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Clive 2.0

Okay, so I think it's safe to say now that I've got enough of an itch that C.L.I.V.E. mk II is probably going to eventually happen.

I've been futzing around with optimizing the codebase, and looking into ways to run it on a Nintendo DS or a GameBoy Micro.

I've been thinking up new designs for the pointer turret, and I've been designing out various ideas on a CAD, doing everything short of actually sending in the design for construction. I've been pricing out odd parts I'd need.

I've been kicking around electronics redesign ideas, such as making various subsystems smarter, and controlling it all via serial, instead of having the gameboy drive most of it itself.

I'm even starting to learn welding with tugrik so that we can make a structure for it that's a bit more sturdy than the wooden archway we built before.

In fact, I've been so obsessing over the pointer turret design, lately, that I'm having a hard time actually concentrating on all the other things that I should be working on. Grrr. Some days I think I have a defective attention subsystem.



( 13 comments — Leave a comment )
(Deleted comment)
Sep. 27th, 2005 01:16 am (UTC)
… and FBMuck.
… and various MUF code.
… and finishing the upgrade to The Belfry Comics Index.
… and moving 50 people off one of our machines that has been living on borrowed time.
… and moving the last domains out of Managed.com.
… and writing MCP-GUI docs.
… and finishing the OS X Appearance patches for Tk.
… and fixing the sprinkler in the back yard.
… and fixing the gate beside the house.

Etc. etc. etc.
(Deleted comment)
Sep. 27th, 2005 03:19 am (UTC)
File the bug report anyways, in the bug tracker, so when I do get back to it, I'll know what to fix. In Treb, select 'Bug Reporting..." from the Help menu.
(Deleted comment)
Nov. 15th, 2005 12:21 am (UTC)
I'm getting ready to release a new Treb soonish, to fix a number of the more egregious outstanding bugs.
Sep. 27th, 2005 12:12 am (UTC)
Trebuchets and laser turrets. My, what a war-like bent you have at times. :)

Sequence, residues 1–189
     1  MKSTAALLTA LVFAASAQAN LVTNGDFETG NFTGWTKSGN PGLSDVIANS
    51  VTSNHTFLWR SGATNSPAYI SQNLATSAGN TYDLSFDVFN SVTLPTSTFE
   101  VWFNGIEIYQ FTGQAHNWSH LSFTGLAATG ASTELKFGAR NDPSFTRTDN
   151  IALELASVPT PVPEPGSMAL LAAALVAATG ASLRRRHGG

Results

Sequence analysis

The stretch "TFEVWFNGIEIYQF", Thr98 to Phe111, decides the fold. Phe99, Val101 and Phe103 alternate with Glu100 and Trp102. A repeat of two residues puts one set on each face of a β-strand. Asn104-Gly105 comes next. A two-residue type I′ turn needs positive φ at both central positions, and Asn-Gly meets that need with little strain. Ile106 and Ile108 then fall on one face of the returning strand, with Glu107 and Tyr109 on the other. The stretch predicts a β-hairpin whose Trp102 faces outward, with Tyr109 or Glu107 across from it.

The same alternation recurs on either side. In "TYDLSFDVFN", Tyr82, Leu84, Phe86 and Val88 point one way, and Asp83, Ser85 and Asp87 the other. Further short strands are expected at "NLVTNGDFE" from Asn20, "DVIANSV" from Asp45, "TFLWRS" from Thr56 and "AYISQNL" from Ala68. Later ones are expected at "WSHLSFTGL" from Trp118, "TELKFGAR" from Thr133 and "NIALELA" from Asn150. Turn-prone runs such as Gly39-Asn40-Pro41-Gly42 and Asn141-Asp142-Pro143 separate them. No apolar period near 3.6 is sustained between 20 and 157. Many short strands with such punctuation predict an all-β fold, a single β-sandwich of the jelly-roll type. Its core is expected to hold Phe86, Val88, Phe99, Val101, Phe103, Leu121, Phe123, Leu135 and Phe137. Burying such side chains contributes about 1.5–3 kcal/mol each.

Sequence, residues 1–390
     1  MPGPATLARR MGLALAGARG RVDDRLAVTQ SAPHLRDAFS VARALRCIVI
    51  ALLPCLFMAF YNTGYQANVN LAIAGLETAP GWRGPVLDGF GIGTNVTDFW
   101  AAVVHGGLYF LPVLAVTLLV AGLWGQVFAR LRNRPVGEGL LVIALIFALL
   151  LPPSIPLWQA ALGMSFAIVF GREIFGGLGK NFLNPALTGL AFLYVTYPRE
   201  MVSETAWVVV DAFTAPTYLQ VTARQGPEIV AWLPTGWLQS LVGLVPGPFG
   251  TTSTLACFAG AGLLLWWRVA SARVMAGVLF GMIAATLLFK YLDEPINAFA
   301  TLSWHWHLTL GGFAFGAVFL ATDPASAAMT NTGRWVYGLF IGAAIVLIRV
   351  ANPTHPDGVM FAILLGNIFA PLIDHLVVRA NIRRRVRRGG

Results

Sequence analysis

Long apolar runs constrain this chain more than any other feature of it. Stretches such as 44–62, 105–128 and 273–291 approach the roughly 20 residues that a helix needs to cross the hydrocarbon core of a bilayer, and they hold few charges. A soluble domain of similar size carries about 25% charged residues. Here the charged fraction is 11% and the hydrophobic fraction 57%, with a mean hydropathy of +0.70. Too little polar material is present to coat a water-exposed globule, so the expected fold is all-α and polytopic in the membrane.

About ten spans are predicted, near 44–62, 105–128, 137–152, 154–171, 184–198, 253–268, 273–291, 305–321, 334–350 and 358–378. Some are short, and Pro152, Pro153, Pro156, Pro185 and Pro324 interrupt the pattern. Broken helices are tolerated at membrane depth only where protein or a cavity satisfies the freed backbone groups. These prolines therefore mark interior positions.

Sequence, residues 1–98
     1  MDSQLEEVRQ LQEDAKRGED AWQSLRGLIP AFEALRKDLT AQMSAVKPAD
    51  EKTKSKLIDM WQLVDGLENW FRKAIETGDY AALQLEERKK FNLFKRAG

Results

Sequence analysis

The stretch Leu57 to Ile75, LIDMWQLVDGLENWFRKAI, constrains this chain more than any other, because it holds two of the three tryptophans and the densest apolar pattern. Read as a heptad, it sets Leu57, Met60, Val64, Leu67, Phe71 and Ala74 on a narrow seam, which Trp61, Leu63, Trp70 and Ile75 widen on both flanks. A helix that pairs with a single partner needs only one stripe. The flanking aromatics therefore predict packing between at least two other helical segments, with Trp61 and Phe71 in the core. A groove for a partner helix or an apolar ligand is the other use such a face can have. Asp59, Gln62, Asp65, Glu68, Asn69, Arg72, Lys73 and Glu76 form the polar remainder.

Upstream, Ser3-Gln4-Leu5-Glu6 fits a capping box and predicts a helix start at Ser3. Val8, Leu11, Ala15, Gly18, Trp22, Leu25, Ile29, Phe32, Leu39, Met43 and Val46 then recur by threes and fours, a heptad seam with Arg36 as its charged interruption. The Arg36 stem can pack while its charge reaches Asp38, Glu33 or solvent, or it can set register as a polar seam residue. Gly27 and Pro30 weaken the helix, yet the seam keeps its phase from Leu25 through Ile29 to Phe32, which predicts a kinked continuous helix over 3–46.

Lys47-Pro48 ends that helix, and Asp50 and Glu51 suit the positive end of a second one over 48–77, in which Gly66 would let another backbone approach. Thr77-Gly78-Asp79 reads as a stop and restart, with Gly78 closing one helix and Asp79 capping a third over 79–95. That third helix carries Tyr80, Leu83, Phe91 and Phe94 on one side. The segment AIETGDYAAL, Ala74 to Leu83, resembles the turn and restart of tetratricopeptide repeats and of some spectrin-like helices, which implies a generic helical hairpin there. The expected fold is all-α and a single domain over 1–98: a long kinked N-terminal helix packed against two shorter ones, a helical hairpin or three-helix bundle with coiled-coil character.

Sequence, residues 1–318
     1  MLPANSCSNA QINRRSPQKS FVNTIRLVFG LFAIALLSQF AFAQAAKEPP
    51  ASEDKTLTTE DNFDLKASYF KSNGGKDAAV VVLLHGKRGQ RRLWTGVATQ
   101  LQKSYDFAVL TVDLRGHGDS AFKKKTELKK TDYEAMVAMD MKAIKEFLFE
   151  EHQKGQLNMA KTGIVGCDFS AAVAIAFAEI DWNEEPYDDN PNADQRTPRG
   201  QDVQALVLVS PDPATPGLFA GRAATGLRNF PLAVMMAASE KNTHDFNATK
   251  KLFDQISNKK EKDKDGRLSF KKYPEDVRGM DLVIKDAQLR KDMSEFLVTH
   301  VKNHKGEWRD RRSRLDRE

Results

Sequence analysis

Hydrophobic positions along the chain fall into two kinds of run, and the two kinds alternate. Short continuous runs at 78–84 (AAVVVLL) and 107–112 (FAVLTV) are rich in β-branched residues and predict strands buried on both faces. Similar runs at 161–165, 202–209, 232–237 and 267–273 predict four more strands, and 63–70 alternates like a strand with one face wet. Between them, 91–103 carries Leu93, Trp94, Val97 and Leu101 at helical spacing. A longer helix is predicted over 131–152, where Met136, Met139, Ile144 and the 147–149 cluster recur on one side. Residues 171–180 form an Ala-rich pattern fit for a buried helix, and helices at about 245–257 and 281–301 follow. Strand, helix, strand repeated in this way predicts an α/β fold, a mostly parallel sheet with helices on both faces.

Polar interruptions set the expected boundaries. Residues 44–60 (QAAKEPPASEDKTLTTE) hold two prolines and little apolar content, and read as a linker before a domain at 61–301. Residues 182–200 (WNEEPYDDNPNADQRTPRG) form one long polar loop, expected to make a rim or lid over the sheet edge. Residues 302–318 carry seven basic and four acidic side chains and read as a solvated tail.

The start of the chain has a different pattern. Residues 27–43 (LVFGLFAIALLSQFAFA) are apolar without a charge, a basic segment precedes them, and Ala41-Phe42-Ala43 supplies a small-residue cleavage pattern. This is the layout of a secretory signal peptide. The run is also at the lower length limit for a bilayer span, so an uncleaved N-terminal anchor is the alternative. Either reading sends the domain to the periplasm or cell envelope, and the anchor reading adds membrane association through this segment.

Sep. 27th, 2005 01:27 am (UTC)
For microcontrollers, I heartily endorse the Atmel "ATmega" series (favourite instance: ATmega16-16AI, 16 MHz, 8-bit, industrial temperature rated, 2k SRAM, 512 bytes EPROM, 2k program flash, built in ADC, RS232, and SPI, 32 digital I/Os). Digikey is my favourite supplier for these, but I'm sure you have your own favourite parts house.

For laser safety, if you want to avoid concerns about having to watch for cruising-altitude planes (or more easily defend in court if charged for whatever reason), make a beam spreader of the type I described to Tugrik a while back (two identical small convex lenses and a length of pipe twice the focal length, screw threaded to be adjustible-length). Tune the widget until your beam spread is 10 mrad (1 cm spot at a range of 1 m), and you're below class 1 intensity for anything more than a kilometre away, while still looking good for viewers. The rule of thumb is that you want intensity to be below 0.1 uW/cm2 at target range, meaning a spot a little over 10 metres wide for an 80 mW DPSS. Main challenge is making sure that the lens axes are well-aligned with the pipe axis (otherwise you get abberations that either make the beam wander as you turn the pipe thread, or cause parts of the spot to be brighter than others, or both).

Happy hacking! =^.^=

Sep. 27th, 2005 04:09 am (UTC)
Forgot an important bit:

Once you've adjusted the spreader to 10 mrad (or your desired figure, whatever it is), and measured its behavior twice to confirm, epoxy it so that it won't be nudged from its setting if handled roughly.

If you're using 24-hour epoxy or are quick with adjusting it while using 5-minute epoxy, you can do it by coating the threads on the inner pipe segment and screwing the assembly together, but this gives you only one chance to get it right, and risks getting epoxy inside the casing if you accidentally dab too close to the end of the pipe.

Drilling a large hole in each pipe to allow air circulation is probably a good idea also. Otherwise temperature changes will give pressure changes in the pipe and possibly condensation, neither of which is good.

Sep. 27th, 2005 08:46 pm (UTC)
I can second this comment on the ATmega series. I love mine. Heck, you can borrow my dev kit if you want.
Sep. 28th, 2005 03:20 am (UTC)
That was the other selling point in its favour - the dev kit was under $100 Cdn, and the software is free. Found this out after reading a good recommendation of the chip itself; win/win.

Sep. 27th, 2005 08:49 pm (UTC)
I totally totally totally want to see what you have planned for the turret. Totally. I'm sure it could be adapted to fit my needs as well.. *MUAHAHAHA*
Sep. 27th, 2005 09:08 pm (UTC)
PS: though not directly useful for Clive 2.0, you might find the following URL interesting:
Sep. 28th, 2005 03:19 am (UTC)
Darn. They beat me to it.

I was planning to eventually build a Nerf gun sentry turret, and briefly considered a non-rotating turret that could mount an off the shelf paintball gun when I was told attendance in the class-vs-class game was mandatory };>.

At least there's still the Gauss Nerf project =^.^=.

Nov. 15th, 2005 12:20 am (UTC)
Meh. I know I promised to send you the plans for the turret, but I ended up doing a major re-design, and am now working on the g-code to run the vertical mill I bought. The new plans are much more robust and much simpler, with a worm gear drive.
Nov. 15th, 2005 08:45 am (UTC)
Thats cool. I had a few comments on the old design, that you've probably already fixed. Congrats on the mill, by the way. Hopefully I'll be down friday-ish to check it out.
( 13 comments — Leave a comment )